For more on keeping your financial data safe, click here to read our article on cyber security.

By |2022-02-11T15:32:34-07:00February 28th, 2022|Current Affairs, Cyber Security, Taxes|

Uncover Fraud

Uncover FraudBeing cautious about fraud schemes can help keep you and your finances safe. To help you uncover fraud, here are a few common scams occurring today.

Romance scam: Criminals pose as interested romantic partners on social media or dating websites.

Tech support scam: Criminals claim to be technology support representatives and offer to fix non-existent computer issues.

Grandparent scam: Frauds pose as a relative – usually a child or grandchild – claiming to be in immediate financial need.

Home repair scam: Scammers appear in person and charge homeowners in advance for home improvements.

Investment scam: Criminals offer unsuitable investments, fraudulent offerings, and unrecognized products.

Uncover Fraud with These Scam Protection Tips

  • Search online for the contact information and the proposed offer.
  • Resist pressure to act quickly. Scammers create a sense of urgency to produce fear and need for immediate action.
  • Be cautious of unsolicited phone calls, mailings, and door-to-door service offers.
  • Never provide any personally-identifiable information or wire money to unknown or unverified people or businesses.
  • Ensure all computer anti-virus and security software are up to date.
  • If victimized, take precautions to protect your identity and monitor your accounts for suspicious activity.
Source: Arizona Bank & Trust

In this digital age, privacy requires extra effort for each of us. Read more tips about cyber-security in the article below.

By |2021-10-12T11:13:22-07:00November 8th, 2021|Current Affairs, Cyber Security|

Cyber Security Checkup

Curkendoll-WEBCyber attacks on government agencies and major companies around the world are on the rise. In the past several months, ransomware attacks have breached networks for Microsoft, the Irish Department of Health, U.S. Colonial Pipeline, and JBS meat processing in North America and Australia, to name just a few. After hearing such news, the idea of protecting your personal data can seem overwhelming or futile. Yet, conducting a cyber security checkup — quick a review and update of your accounts and electronic devices — can help more than you might think.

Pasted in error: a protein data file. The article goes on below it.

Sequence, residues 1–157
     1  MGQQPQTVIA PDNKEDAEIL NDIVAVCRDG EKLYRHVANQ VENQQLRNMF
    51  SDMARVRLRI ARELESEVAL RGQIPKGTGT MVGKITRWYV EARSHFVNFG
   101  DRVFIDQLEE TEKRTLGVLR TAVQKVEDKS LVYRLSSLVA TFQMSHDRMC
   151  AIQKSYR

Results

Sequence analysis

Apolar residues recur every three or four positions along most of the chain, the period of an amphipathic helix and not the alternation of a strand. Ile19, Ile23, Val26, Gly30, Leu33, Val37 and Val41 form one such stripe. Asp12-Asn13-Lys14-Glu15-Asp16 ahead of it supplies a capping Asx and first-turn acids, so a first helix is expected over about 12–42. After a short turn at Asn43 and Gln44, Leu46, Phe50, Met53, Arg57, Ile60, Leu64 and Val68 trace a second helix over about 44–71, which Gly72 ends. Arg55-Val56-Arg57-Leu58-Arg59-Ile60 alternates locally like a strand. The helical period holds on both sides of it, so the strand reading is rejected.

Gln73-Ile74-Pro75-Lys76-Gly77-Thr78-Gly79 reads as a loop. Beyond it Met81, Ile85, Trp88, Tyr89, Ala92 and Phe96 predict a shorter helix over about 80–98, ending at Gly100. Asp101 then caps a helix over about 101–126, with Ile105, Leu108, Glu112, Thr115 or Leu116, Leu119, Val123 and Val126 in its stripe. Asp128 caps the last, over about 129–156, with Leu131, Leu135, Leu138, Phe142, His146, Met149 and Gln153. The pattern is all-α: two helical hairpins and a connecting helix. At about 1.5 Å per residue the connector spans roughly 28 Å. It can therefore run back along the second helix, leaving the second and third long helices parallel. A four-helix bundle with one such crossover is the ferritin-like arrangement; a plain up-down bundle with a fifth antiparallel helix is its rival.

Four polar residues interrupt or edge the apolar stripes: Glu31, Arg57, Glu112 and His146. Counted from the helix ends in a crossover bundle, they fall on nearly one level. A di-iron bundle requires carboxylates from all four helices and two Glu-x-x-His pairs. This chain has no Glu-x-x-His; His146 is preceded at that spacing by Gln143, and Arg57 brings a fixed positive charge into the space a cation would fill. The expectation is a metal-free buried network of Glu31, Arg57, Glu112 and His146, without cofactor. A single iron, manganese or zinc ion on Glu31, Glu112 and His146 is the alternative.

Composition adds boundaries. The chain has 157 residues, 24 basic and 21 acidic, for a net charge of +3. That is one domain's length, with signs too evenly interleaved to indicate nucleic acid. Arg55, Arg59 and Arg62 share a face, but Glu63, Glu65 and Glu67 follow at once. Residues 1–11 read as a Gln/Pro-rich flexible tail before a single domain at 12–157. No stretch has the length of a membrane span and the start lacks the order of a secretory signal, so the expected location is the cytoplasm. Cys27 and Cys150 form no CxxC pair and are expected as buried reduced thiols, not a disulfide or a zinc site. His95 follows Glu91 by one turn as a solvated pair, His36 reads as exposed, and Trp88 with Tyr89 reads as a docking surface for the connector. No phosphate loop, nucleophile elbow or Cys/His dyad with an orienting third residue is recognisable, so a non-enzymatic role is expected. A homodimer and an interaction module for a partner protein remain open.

Following are some steps you can take to simplify and maintain cyber security efforts. Each only takes a few minutes to complete. It’s a worthy investment of your time. Block 15 to 20 minutes in your calendar this week to conduct a cyber security checkup.

Use antivirus software, and keep apps and software current.

Make sure you have trustworthy antivirus software installed and updated to protect your computers and mobile devices from viruses and malware. Keep software up to date with the latest patches and upgrades. Sign up for automatic updates.

Close or delete unused accounts.

The smaller your online presence, the more secure your information. Take a few minutes to close unused accounts and minimize your vulnerability. Sign up for account activity notifications to help you keep track.

Use multi-factor authentication.

Also called two-factor authentication, this requires a second credential to verify your identity. (e.g. It may require entering a code sent in real-time by text, email or phone call.)

Use screen locks on every device.

Set a password or PIN for every laptop, smartphone and tablet you own. Any lost device without a screen lock is a gateway for someone to access your email, banking and social accounts; thieves can change passwords and take control of your digital life.

Check your data-breach status.

A data-breach, or being pwned (pronounced pōned), means your personal data has been stolen and possibly sold. At haveibeenpwned.com, you can check your email addresses against lists from 120 known company breaches (i.e. Adobe, LinkedIn, Facebook, Daily Quiz). Be sure to change the password for any compromised accounts, as well as any other sites where you used the same password.


Beware of Phishing

Phishing is a malicious text or email that seems to be from a trusted source. The object is to trick you into clicking on a dangerous link or providing confidential information. Common warning signs include:

  • A message you didn’t expect or that comes from a person or service you don’t know.
  • Spelling errors or poor grammar.
  • Strange or mismatched sender addresses.
  • Mismatched links (a seemingly legitimate link sends you to an unexpected address).
  • Odd links or addresses.
  • Requests for passwords, account numbers, personal information or answers to  security questions.
  • Offers that seem too good to be true, or messages that express great urgency.
By |2021-06-11T16:34:54-07:00June 15th, 2021|Current Affairs, Cyber Security|